We're looking for new writers to join us!

E3 2010: Namco Bandai Games (Impressions)

by: Tina -
More On: Splatterhouse Enslaved E3 2010
Enslaved: Odyssey to the West

Enslaved: Odyssey to the West follows a post-apocalyptic story based loosely on Journey to the West involving the involuntary escape of the protagonist named “Monkey.” Playing as the brute hero of the game, you encounter a technologically knowledgeable female named “Trip” who forces you via a fancy headband to accompany her on an escape adventure from the claws of the machine oppressors. Although most of humanity has been wiped out by said machines, the rusty fiends are still hardwired to attack humans on site, particularly given your unruly behavior.

The game focuses on co-operative play with your AI friend/foe, Trip. She’s not too useful in terms of combat, but she can get you around places that your relatively simple mind would not otherwise have come up with. For instance, although Monkey could sense that the field we were about to walk into was infested with mines, Trip was able to maneuver around them by creating a sensor device using a dragonfly she had you capture. Monkey would never have come up with that. He literally boasted that he only squished dragonflies in his spare time, not played with them.

Trip can also provide a distraction when you’re trying to make it across a platform. There is a lot of swinging on ropes and jumping from ledge to ledge involved in Enslaved, so issuing an order to Trip to call out to the enemies to gather their attention makes your imminent acrobatic tactics that much easier. Probably her most useful ability in combat is her EMP, which she can utilize to stun enemies with a shock wave. A very clear radial menu pulled up by the left trigger will allow you to judge and choose your options for Trip.

Even movement is heavily influenced by Trip’s presence. Most of the time will be spent either piggyback riding her through dangerous areas, or throwing her up to unreachable points of the map so that she can assist you in progressing. I threw Trip up past some broken walls so that she could lower a ladder for me to climb up, for instance. Part of the result of this particular focus on gameplay makes head-to-head combat less commonplace than you would expect, but rather encourages stealth movement.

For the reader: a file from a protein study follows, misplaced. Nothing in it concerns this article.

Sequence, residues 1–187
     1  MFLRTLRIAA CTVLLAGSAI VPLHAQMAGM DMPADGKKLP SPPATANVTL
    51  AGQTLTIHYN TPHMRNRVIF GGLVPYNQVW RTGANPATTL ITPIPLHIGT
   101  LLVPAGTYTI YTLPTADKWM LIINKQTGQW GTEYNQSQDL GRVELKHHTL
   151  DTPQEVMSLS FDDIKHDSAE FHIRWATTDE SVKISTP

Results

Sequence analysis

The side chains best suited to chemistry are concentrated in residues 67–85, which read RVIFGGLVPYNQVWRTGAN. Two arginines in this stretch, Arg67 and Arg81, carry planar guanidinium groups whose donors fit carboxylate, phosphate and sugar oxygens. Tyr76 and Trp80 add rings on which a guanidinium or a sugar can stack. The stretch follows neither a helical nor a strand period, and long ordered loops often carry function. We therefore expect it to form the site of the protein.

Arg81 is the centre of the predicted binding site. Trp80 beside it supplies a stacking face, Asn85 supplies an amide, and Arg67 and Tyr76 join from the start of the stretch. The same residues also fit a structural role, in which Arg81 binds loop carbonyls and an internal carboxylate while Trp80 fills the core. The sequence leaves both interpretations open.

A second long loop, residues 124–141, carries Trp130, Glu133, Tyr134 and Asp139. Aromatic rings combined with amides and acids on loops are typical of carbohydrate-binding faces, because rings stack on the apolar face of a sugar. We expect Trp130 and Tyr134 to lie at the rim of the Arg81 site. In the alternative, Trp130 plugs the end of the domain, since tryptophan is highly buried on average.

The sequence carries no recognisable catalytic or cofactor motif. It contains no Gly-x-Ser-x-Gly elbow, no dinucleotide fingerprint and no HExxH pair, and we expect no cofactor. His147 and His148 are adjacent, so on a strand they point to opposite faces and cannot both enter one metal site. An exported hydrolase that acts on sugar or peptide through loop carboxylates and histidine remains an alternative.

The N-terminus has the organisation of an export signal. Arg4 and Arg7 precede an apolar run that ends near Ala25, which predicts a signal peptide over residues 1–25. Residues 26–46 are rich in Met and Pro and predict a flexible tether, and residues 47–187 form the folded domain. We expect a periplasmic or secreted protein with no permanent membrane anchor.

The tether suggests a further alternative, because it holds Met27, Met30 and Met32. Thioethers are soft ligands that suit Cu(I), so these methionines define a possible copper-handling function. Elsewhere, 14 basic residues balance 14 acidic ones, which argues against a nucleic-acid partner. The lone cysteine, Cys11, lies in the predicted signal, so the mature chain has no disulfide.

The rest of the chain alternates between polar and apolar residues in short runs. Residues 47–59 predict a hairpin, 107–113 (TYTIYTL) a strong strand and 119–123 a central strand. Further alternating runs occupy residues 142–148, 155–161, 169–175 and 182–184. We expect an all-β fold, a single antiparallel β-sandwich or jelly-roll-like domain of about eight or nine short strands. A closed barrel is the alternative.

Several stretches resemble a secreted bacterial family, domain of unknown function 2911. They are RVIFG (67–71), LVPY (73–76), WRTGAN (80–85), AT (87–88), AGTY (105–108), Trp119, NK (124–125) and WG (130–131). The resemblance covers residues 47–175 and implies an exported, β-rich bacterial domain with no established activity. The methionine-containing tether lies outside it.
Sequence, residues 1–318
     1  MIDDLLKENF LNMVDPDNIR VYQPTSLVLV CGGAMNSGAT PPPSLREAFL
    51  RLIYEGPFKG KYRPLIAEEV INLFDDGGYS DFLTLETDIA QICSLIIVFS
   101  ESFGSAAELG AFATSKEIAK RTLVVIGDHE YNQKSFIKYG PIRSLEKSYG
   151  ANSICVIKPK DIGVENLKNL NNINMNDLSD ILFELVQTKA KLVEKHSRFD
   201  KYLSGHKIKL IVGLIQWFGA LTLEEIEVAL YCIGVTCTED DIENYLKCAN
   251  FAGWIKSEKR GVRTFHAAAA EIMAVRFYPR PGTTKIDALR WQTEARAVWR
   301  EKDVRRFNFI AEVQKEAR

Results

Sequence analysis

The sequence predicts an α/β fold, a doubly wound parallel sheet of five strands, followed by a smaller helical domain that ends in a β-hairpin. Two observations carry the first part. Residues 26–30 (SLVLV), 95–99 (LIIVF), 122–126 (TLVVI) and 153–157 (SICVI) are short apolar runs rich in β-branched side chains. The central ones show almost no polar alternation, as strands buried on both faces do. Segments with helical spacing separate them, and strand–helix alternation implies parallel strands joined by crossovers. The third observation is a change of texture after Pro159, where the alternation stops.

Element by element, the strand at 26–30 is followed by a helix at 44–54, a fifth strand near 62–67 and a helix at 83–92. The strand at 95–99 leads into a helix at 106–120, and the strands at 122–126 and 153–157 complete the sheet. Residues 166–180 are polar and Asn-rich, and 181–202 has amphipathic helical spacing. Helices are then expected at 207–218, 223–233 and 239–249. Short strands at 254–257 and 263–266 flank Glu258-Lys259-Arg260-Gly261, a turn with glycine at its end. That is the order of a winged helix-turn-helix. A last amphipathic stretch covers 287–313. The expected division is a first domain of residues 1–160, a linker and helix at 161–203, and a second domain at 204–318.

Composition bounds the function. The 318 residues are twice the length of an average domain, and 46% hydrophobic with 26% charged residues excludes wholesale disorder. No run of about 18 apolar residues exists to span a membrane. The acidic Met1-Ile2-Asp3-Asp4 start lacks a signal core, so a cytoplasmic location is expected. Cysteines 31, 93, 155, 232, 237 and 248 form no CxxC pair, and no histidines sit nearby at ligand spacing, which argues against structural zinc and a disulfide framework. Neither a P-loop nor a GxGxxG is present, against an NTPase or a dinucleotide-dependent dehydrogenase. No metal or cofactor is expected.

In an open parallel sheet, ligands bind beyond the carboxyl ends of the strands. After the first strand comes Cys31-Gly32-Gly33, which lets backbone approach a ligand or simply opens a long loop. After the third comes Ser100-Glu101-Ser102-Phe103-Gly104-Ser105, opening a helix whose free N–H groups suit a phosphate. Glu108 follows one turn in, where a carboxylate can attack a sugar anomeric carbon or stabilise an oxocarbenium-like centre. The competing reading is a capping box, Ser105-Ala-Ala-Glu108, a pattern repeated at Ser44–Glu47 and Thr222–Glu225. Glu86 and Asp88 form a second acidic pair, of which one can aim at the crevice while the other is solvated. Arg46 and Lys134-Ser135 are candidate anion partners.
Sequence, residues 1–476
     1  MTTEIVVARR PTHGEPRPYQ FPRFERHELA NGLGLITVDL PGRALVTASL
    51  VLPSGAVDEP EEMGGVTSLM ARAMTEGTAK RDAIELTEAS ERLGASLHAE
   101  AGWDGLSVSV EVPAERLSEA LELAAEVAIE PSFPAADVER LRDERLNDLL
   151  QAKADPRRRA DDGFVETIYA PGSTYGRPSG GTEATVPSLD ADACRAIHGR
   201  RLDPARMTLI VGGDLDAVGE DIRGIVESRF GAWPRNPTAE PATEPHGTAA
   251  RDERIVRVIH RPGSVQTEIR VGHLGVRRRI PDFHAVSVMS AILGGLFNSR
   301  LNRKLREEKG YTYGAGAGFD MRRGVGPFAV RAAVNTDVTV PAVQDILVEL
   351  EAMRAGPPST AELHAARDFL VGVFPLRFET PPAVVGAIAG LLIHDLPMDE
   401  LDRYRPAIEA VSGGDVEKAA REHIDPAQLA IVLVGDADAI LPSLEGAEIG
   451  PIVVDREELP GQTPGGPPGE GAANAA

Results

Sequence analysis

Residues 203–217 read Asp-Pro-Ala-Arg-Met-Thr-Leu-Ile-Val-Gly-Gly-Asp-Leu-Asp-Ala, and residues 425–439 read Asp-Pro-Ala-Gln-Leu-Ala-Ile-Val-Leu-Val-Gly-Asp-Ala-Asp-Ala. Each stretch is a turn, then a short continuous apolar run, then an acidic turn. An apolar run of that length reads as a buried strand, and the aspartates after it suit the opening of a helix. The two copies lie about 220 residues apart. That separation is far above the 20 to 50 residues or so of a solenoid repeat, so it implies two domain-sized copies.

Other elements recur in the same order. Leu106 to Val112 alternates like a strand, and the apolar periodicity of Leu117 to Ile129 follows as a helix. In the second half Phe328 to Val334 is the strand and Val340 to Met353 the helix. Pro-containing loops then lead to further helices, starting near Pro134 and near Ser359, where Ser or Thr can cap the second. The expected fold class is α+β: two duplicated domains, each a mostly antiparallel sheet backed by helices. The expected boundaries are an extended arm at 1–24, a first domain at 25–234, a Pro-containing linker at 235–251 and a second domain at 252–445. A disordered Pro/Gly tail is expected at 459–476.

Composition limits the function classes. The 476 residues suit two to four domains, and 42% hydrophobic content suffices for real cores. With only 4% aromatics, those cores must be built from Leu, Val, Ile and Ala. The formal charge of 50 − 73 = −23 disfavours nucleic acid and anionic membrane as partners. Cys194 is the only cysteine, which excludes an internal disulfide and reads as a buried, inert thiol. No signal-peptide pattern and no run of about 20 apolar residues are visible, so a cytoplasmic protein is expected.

When you do defeat enemies, however, you will collect red orbs that function to the equivalent of experience points that you can disperse throughout your special abilities. The only ability I was shown in the demo at E3, however, was Monkey’s ability to use long-ranged weaponry, which I am told can be upgraded.

The game has a great concept of having to play co-operatively, making it slightly more complex than most. What I would like to see, however, is more of an enthralling world to explore. Although it was clear that the area we were traversing in the E3 demo was a city overtaken by nature, it was nowhere near close to the barren realms of something like Fallout 3. I also wish that Trip was more of an entertaining fighter, and that perhaps you could switch to and from characters actively to respond to your environment accordingly and on queue.

Enslaved: Odyssey to the West is being developed by Ninja Theory, published by Namco Bandai and will be available this coming October for the 360 and PS3.


If there’s one thing that immediately intrigues me toward a video game, it’s definitely blood and gore. If there’s one thing the original Splatterhouse arcade game is known for, it’s also definitely the blood and gore. I was excited to check out a modernized version of this game on the E3 floor over at the Namco booth.

The core storyline and even gameplay remain fairly intact. Rick and his girlfriend become trapped in a mad scientist’s mansion, with Rick left for dead while his girlfriend is taken by Corrupted beings. Coming up from consciousness, a skeleton mask calls out to Rick promising to help him find and rescue his girlfriend so long as he puts the mask on.

The game is explained to me as “crazy, over the top gore,” and it is precisely that description that is most fitting of Splatterhouse. Rick can trap demons, and bludgeon them to death. Or, Rick can use one of the many other brutal melee weapons to smash the experimental-creatures-gone-wrong. Weapons vary from 2x4s to chainsaws to cleavers to limbs that you’ve torn off enemies.

Rick can complete various combos with these weapons, and can utilize his special moves such as turning his hands into scythes to slice his enemies down. When his special meter is fully charged, Rick will enter a rage mode that is visually represented by a change to a black and white environment save for the blood (of course). When Rick takes damage, his body slowly becomes shredded revealing the bones underneath and sometimes even losing limbs that regenerate with health. Everything about this game is aggressively delightful.

Splatterhouse is being developed and published by Namco Bandai Games and set to release this fall on the 360 and PS3.